Luke had been set to be stubborn and sullen, but he felt his eyes grow wide at the mention of flying. "Really?" he whispered.
"Really." Uncle Owen pulled Luke to his feet and gave his shoulder a pat. "Run inside now. It's late, and your aunt is asking for you. I'm going to have a talk with Mister Kenobi."
Luke turned back to see the wizard rising from the ground.
Go on, he thought he heard the wizard say, though his lips did not move.
Luke turned to the house and ran into the welcoming light.
Even receding into the house, Luke's tiny figure was painfully luminous. Ben forced himself to tear his eyes away and focus on Owen. The farmer's rough and weathered face, lit up as it was in the starlight, was no match for his nephew. Ben was a little surprised that Owen wanted to talk to him, though he supposed it would be another warning to stay away. He braced himself for the younger man's wrath.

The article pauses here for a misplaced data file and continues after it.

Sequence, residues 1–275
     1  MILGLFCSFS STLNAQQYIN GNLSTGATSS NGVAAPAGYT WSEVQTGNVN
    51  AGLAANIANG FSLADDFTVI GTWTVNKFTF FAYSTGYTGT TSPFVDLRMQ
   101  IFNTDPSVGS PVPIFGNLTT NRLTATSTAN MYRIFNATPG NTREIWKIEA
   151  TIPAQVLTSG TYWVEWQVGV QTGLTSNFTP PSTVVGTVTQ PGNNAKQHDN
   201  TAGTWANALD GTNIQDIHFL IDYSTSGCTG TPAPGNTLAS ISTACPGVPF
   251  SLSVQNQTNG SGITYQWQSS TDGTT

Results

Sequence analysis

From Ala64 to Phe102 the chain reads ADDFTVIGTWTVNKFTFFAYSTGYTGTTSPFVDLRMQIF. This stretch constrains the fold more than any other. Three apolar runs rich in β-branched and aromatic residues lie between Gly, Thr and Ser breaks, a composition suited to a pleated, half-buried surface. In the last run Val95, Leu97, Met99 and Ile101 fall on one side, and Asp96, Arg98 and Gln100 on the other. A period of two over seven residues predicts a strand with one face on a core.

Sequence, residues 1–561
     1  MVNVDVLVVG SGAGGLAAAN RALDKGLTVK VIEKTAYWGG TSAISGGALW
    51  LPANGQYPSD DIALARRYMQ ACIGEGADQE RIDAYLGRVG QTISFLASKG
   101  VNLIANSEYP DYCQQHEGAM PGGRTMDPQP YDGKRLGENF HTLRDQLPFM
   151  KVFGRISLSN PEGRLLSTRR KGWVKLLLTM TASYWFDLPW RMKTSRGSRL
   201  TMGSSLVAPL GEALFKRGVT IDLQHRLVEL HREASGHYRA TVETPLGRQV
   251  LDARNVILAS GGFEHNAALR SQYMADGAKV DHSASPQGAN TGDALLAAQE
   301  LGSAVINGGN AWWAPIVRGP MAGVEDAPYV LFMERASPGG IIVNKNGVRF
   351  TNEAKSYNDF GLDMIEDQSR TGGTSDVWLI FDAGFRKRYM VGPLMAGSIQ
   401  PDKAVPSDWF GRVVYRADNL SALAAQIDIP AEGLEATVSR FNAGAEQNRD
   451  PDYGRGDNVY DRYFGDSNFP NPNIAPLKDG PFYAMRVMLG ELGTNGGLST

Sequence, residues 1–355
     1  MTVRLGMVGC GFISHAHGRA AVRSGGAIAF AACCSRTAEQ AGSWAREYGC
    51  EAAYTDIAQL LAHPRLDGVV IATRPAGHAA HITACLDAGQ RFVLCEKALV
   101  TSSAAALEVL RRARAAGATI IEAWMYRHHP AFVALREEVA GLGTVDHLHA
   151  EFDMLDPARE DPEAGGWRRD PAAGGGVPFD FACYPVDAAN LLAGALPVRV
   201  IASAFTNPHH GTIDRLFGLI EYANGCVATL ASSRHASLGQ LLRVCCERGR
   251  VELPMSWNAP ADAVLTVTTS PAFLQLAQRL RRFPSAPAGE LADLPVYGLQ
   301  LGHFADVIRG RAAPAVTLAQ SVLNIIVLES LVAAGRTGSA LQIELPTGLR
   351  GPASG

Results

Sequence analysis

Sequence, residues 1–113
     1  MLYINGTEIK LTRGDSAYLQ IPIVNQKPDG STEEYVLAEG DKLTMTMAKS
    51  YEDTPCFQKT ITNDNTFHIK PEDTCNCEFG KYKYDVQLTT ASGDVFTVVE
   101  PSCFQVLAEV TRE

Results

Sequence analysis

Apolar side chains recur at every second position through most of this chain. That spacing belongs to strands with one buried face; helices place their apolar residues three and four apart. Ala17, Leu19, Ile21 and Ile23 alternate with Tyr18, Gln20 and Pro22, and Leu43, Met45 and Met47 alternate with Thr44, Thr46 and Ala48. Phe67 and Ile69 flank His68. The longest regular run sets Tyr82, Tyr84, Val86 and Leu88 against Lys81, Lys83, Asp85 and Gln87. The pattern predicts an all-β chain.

"My wife," Owen began clumsily, fiddling with his sleeves, "she'll be all right?"
Ben relaxed a little. Strangely, he felt more anxiety from Owen than anger.
"Yes," he replied. "She needs plenty of water and plenty of rest, but she will be good as new in a week."
"Good." Owen looked up at the sky, unwilling to meet Ben's gaze. "I'll be repairing the comm unit, so you won't need to come here again."
Ah, thought Ben. Here's the warning. But it did not feel like a warning. Ben explored the words for the meaning behind them.
"I'll be buying a second speeder, too," added Owen.
At last Ben understood. Owen did not want Ben to think that he was incapable of caring for his family, incapable of raising Luke. He feared that Ben might ignore warnings altogether and take Luke away "for his own good".